Bee Saving Paper by Saatchi & Saatchi IS Warsaw, with City Bees
The Warsaw office of marketing gurus Saatchi & Saatchi teamed up with City Bees, as well as a handful of paper craftsmen and entomology experts, to launch a new product made to help the declining bee population. Among the issues facing today’s bees is the long distances between feeding sources. Our sprawling concrete jungles mean a bee can fly for miles without finding a single flower to feed from, and they often die of exhaustion before their search succeeds. Bee Saving Paper serves as a rest stop for the insects. It’s infused with a special, non-sticky glucose solution that provides an energy boost. The paper is also marked with a special U.V. ink that mimics a natural food source, in the eyes of a bee. Flower seeds are mixed into the papers fibres, so that once it biodegrades, it will contribute to a healthier environment for future flights.
Homed: Homeless Shelter with Dignity by Framlab
Oslo/New York studio Framlab is proposing a new solution for homelessness that borrows its hive-like series of hexagonal modules from bee communities. The concept takes advantage of unused vertical spaces, hanging a new modular structure from the facades of existing buildings, like a scaffolding framework.
Clad in anodized aluminum, the individual living spaces would be cozy and comfortable in all seasons. Intended to be 3D printed, each module incorporates sleek, minimal furnishings as part of the structure.
Vallmora Park and Insect Hotel by Batlle i Roig Arquitectura
Though making our landscapes more hospitable to insects might not seem like an obvious design objective, Spanish firm Batlle I Roig Arquitectura made it a key focus of its work on Barcelona’s Vallmora Park. The park is host to The Insect Hotel, a metal-wrapped sculptural feature that provides refuge for insects, including bees, as well as spiders, crickets and praying mantises. The structure is split into three distinct layers, each of which stacks an array of natural materials, such as stone, pine cones and wood, to create suitable environments for vulnerable species to develop, reproduce, or even hibernate.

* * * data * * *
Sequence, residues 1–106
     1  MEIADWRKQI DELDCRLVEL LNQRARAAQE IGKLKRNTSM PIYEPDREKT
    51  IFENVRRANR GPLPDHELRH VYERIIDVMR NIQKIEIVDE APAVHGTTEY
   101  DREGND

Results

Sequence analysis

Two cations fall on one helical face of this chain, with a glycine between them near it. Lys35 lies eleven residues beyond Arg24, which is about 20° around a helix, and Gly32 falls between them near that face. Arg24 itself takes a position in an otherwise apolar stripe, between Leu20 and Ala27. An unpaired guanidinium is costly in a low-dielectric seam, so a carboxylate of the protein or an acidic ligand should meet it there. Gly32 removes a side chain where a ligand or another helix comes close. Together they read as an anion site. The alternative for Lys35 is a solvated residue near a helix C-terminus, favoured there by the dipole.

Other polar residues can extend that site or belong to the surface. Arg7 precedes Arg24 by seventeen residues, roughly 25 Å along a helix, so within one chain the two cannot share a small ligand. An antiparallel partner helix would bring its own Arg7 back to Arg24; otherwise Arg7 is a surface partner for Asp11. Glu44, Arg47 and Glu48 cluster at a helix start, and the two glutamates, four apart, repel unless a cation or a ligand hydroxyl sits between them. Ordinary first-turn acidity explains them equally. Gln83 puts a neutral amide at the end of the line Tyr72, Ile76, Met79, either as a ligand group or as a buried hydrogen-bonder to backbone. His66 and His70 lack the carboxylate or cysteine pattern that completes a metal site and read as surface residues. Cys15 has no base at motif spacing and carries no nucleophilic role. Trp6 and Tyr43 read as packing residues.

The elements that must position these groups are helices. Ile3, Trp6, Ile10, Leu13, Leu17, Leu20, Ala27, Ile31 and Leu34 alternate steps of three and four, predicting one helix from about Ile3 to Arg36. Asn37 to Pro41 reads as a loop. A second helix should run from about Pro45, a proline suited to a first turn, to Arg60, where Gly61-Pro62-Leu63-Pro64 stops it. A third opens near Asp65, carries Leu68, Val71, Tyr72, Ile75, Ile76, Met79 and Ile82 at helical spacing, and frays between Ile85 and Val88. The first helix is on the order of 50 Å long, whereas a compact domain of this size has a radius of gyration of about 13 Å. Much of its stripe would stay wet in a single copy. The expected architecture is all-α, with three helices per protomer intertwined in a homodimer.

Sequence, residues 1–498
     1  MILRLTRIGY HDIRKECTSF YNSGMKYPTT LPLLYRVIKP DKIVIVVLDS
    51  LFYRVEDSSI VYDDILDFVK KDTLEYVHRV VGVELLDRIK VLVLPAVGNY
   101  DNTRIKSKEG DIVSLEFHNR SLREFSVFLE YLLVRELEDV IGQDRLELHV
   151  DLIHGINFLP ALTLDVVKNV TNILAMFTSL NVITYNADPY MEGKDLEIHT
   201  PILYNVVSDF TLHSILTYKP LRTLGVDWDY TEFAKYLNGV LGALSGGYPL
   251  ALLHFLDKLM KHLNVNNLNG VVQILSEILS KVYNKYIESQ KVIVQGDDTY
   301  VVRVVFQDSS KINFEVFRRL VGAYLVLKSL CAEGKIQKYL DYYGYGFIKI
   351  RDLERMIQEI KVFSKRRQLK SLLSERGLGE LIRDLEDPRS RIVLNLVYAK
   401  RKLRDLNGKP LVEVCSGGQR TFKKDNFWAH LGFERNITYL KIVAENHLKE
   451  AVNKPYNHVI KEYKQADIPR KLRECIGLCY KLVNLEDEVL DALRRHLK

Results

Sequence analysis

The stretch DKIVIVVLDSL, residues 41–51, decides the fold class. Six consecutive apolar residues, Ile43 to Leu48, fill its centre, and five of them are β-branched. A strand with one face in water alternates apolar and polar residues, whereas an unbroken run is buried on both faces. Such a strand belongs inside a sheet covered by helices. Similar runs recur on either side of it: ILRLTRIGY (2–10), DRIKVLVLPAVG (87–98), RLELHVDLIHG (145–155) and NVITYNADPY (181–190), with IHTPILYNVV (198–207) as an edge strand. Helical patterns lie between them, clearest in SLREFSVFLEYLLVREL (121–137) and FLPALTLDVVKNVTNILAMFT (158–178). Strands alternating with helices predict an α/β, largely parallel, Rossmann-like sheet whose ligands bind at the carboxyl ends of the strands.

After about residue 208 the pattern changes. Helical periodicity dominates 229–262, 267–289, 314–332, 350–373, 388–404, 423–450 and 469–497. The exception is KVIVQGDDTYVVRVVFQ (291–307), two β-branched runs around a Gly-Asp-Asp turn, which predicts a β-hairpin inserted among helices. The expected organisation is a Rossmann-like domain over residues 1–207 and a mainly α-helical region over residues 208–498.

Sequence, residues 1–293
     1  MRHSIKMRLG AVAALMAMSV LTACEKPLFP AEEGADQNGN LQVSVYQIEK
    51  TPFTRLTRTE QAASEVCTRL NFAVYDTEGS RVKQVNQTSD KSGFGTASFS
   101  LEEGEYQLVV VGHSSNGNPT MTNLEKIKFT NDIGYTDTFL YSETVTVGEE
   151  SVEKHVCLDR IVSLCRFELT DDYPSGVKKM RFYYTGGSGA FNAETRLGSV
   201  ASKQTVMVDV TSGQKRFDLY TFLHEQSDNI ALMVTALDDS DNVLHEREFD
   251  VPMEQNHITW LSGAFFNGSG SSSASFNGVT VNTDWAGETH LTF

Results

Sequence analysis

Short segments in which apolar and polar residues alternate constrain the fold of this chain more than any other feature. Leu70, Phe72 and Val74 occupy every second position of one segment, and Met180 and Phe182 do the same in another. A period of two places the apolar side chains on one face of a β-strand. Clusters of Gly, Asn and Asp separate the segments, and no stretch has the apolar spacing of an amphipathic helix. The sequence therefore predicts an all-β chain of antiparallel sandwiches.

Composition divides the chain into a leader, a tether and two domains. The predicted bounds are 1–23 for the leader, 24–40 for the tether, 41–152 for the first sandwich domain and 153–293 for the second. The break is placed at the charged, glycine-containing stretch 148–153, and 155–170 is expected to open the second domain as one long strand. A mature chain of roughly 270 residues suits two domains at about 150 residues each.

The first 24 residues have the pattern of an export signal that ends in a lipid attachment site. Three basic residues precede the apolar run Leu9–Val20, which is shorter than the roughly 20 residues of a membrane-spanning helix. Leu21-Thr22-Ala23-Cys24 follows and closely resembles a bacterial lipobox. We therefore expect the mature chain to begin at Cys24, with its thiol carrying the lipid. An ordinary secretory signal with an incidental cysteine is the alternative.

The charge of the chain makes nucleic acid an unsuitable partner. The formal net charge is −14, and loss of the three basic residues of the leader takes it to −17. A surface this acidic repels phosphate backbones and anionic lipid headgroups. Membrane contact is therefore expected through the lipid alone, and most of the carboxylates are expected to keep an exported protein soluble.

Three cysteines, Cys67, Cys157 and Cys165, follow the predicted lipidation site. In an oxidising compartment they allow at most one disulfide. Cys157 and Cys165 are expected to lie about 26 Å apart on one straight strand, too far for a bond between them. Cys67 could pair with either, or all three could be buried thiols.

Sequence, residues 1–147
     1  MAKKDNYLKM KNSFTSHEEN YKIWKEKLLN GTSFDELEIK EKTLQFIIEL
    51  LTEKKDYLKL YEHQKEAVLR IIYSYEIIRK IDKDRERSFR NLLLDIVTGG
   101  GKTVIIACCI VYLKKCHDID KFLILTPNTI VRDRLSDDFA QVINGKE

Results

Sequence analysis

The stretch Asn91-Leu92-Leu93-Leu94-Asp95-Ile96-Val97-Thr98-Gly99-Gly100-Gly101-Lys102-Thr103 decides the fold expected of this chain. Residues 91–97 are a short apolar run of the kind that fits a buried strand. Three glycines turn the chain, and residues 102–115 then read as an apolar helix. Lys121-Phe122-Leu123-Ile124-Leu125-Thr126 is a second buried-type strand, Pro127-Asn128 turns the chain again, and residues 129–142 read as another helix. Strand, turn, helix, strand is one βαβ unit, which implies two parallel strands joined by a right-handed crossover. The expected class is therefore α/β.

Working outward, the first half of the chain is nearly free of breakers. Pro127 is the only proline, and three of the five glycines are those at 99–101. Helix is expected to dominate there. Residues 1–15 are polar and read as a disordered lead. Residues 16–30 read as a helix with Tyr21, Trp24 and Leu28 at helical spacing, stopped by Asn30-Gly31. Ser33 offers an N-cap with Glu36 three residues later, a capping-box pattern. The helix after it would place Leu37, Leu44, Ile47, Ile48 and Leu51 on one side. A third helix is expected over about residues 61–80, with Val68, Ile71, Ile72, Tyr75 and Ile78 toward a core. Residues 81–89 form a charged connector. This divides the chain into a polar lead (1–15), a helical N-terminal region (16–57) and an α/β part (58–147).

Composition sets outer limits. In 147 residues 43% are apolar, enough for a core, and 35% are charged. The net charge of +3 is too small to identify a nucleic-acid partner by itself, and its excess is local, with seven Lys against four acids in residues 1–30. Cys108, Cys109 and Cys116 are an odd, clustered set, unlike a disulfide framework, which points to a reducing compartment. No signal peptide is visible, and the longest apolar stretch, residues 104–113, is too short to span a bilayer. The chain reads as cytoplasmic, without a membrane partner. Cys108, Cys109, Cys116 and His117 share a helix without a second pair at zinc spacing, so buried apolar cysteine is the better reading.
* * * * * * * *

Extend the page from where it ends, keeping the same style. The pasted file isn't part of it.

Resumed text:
The Honey Coin by Arthur Analts
Inspired by the ecology of his homeland, Lativian-born, London-based designer Arthur Analts created this hexagonal coin for the Latvijas Banka’s annual design competition. The honeycomb composition reflects the importance the country places on its natural resources and also references its geography with the arrangement of flattened, frostened segments on one side. The remaining sections are polished to glisten, as if filled with honey. A limited edition of 3,000 coins, each with a face value of 5 euros, was released in May.
Pollen Lamps by Regine Cavicchioli, Roman Jurt and Michael Kennedy
These pendant lamps might not actually be inspired by bees, but they may very well attract them. Created by a trio of Swiss designers from the Zürich University of the Arts, the collection was designed for an allergy awareness campaign crafted by Publicis Switzerland. The Pollen Lamps series borrows its forms from microscopic pollen grains from six species, including sunflower and birch (shown). The designers used magnified images of the pollen to 3D print nylon shades that are illuminated with colour-changing LEDs.
The marketing blitz saw the pendants installed in furniture showrooms, bars, restaurants and even fitness clubs, with tags attached to provide information about allergies, and, of course, the allergy remedy the campaign was designed to promote for pharmaceutical brand Sanofi. The lamps are now available for purchase as well.
For more bee-inspired designs, check out Person, Place, Thing, on page 30 of Azure‘s September issue, on newsstands now.